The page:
Tuesday, May 12, 2009

Apple #383: Joshua Trees

All right, I'm back from my trip. And I have many questions, of course. I took a lot of photos with my new camera mainly of plants, so a lot of my questions have to do with plants.

The first plant I encountered which made my jaw drop at its sheer insanity was the Joshua tree. I had no idea what they were when I first saw them and they looked to me like something straight out of The Lorax.

The Lorax and the Truffula trees, which he turns into thneeds. Everyone needs a thneed, right?
(You can get a painting of this image from Tiffany Duening at SprayGraphic)

A stand of Joshua trees, Palmdale, CA. Don't they look a lot like those Truffula trees?
(Photo by the Apple Lady. How exciting that I get to say that!)

All of these photos, by the way, were taken in Palmdale, California, which is in the Mojave Desert.

Apparently, I'm not the only one who confused Joshua trees with something else. They have been misunderstood, reminded people of other things, and mis-named several times.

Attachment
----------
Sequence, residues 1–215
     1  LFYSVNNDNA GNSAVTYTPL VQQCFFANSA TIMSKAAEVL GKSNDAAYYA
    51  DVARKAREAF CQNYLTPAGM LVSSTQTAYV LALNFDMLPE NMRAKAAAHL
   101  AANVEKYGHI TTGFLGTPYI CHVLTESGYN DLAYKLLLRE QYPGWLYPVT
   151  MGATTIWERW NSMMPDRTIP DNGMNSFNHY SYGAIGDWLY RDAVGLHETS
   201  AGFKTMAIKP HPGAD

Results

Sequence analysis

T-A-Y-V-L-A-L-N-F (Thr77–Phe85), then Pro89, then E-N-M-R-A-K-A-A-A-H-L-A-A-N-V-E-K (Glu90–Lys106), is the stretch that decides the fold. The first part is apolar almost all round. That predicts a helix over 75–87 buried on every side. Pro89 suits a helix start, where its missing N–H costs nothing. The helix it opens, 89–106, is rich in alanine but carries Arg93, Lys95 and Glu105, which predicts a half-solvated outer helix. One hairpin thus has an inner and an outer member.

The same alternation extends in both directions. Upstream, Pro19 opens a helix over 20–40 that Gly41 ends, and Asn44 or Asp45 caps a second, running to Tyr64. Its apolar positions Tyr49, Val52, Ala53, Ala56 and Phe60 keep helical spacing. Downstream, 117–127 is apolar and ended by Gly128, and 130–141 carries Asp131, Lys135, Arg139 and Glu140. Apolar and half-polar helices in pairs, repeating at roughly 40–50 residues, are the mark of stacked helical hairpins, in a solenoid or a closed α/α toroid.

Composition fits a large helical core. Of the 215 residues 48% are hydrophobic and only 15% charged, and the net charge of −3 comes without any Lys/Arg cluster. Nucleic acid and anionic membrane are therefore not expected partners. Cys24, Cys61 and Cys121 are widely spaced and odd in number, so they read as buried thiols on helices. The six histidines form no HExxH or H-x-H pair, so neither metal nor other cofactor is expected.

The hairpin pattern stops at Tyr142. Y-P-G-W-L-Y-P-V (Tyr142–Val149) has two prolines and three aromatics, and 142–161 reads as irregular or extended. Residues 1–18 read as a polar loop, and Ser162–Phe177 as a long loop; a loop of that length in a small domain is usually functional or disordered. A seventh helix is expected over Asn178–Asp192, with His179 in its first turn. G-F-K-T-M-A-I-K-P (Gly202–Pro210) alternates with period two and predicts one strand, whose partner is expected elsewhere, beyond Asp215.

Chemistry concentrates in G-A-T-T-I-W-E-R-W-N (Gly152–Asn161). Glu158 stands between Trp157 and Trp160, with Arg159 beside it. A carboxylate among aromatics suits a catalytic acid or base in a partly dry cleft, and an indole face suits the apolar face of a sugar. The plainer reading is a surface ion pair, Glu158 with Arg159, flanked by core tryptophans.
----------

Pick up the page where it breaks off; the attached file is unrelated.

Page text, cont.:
• Natives who lived in this area for centuries called the tree "hunuvat chiy'a." That's not really a misunderstanding or misnaming, it's just an alternate name.
  • German immigrants thought they looked like the prophet Joshua praying to God with upraised arms and pointing the Israelites to the Promised land. So they called them Joshua trees.
  • Other German settlers who came to the Antelope Valley where lots of these trees grow thought they were date palm trees. So they named the place Palmenthal, which later became Palmdale.
  • In fact, they're not even trees. They are Yucca plants, which used to be classified as part of the lily family (now they're grouped with Agaves).
  • The full Latin name for the Joshua tree is Yucca brevifolia. It is closely related to the Mojave yucca, the Yucca schidigera. The two plants often grow near each other, and they look very similar except the Mojave yucca's leaves are wider and longer, and there are fibrous threads that stick out from the edges of the leaves. I don't think I have any photos of the Mojave yucca, but if any of you plant enthusiasts out there spot a misidentification, please let me know.